Calling for entries to design pavilions in line with notions of sustainable construction and fabrication methods, urbanization, and renewable materials, CHART ARCHITECTURE has announced the five finalists for its annual competition, addressing the theme ‘LIVING CITY’. Proposals included the use of IKEA bags, biogas reactors and solar energy amongst other innovative design solutions, judged by a jury headlined by Bjarke Ingels. The eventual winner will be awarded a mentorship program with a professional architect, a construction expert and a developer, intended to “support a young architect’s career as well as to promote cross-sector collaboration and networking.”
Project.DWG and LOOS.FM have unveiled their PET pavilion, a temporary structure in a community park in The Netherlands that focuses on issues of sustainable building, recycling, and waste by rethinking the ways that buildings are developed, built, and used. Specifically, the pavilion is a study of the use of plastic waste as a building material.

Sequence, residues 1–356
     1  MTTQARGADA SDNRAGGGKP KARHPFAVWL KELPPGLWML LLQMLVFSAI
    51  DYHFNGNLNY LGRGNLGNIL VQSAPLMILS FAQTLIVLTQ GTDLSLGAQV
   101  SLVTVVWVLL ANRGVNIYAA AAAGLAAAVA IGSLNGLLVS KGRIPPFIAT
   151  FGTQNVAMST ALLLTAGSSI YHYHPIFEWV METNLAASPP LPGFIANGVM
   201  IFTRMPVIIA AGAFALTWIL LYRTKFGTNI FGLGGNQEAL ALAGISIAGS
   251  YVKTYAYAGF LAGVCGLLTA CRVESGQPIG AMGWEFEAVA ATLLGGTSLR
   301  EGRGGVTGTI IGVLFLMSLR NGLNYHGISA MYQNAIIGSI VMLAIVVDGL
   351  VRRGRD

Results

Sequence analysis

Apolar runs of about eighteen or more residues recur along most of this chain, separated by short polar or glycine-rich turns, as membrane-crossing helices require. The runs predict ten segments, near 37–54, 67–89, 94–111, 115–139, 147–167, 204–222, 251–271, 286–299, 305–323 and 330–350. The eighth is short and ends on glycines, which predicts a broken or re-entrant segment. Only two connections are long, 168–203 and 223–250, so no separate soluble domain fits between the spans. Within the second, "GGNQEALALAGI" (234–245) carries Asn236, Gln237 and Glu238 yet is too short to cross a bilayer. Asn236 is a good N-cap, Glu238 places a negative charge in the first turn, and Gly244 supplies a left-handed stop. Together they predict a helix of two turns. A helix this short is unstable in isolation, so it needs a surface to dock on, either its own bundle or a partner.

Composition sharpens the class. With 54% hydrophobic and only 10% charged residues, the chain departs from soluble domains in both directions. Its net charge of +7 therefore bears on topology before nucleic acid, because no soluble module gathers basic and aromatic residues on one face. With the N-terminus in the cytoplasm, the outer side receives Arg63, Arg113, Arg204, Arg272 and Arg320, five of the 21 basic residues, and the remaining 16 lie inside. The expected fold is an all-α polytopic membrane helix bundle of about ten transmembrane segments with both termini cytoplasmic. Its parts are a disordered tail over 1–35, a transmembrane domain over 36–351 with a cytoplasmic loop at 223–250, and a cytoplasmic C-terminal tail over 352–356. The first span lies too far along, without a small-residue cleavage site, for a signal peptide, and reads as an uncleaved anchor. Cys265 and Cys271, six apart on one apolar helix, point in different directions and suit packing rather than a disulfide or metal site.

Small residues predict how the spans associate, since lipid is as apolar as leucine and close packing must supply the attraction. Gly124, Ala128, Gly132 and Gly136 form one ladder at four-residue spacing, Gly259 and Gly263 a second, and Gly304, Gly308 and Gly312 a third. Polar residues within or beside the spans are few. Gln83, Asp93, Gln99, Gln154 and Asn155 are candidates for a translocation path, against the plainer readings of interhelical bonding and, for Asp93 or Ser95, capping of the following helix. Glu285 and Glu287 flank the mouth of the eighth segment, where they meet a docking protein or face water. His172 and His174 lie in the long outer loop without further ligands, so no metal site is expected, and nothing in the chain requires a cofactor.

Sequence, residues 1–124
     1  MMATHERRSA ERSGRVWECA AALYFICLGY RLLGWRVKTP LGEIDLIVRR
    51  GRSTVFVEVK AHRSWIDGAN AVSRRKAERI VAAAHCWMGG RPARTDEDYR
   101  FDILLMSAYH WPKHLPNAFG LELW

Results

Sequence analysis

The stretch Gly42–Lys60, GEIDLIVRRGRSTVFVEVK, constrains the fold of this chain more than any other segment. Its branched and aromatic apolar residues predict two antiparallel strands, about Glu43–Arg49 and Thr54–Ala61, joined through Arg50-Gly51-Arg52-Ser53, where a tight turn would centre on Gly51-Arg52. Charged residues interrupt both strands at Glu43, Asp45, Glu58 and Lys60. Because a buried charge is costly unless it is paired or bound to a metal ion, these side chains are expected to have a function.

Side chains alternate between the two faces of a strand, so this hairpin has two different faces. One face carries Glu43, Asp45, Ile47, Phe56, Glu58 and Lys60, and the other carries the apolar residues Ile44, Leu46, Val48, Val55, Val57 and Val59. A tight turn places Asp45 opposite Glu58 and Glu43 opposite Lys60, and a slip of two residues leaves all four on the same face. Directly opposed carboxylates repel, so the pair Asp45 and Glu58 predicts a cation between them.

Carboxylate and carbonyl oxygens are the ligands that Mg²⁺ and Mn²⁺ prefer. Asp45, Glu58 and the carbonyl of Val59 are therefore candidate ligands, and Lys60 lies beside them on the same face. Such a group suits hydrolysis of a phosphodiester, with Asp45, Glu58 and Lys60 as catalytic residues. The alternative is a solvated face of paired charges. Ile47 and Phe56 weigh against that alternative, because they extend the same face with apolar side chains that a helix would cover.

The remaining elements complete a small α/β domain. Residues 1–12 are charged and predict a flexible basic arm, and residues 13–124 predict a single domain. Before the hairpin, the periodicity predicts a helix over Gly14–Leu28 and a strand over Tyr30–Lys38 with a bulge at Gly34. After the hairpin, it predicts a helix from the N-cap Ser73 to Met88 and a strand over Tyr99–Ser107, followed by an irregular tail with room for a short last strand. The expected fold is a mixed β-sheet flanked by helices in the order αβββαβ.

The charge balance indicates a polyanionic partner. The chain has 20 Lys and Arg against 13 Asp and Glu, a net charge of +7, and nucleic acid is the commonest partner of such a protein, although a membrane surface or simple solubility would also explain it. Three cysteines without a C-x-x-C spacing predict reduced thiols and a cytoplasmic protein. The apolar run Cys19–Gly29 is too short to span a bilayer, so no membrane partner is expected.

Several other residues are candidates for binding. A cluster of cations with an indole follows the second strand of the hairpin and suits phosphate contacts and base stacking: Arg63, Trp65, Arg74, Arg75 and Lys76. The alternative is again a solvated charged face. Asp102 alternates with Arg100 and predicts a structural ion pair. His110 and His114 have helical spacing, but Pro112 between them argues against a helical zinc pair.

Using the elevated framework of Ludwig Mies van der Rohe’s Farnsworth House, the structure consists of two monumental slabs in a steel framework. “From floor to ceiling, double-walled transparent corrugated sheets hold over 40,000 plastic bottles,” with bottle caps attached to bottlenecks supporting the system.
CHART ARCHITECTURE competition, a key element of CHART SOCIAL, was launched in 2014 to promote young Nordic architects and explore the crossover between art and architecture. In 2017 CHART is extending the call for applications to young and newly established architectural practices, as well as welcoming students and recent graduates from the Nordic architecture schools.
Building Trust international have announced their 7th international design competition which seeks to find an innovative design proposal for a landmark pavilion structure made from bamboo. The bamboo piece will be the centre of a Bamboo Festival Building Trust are hosting in Phnom Penh, Cambodia this March. The competition challenges architects, designers and engineers to provide a design solution which has the chance to shape the future of building with bamboo globally.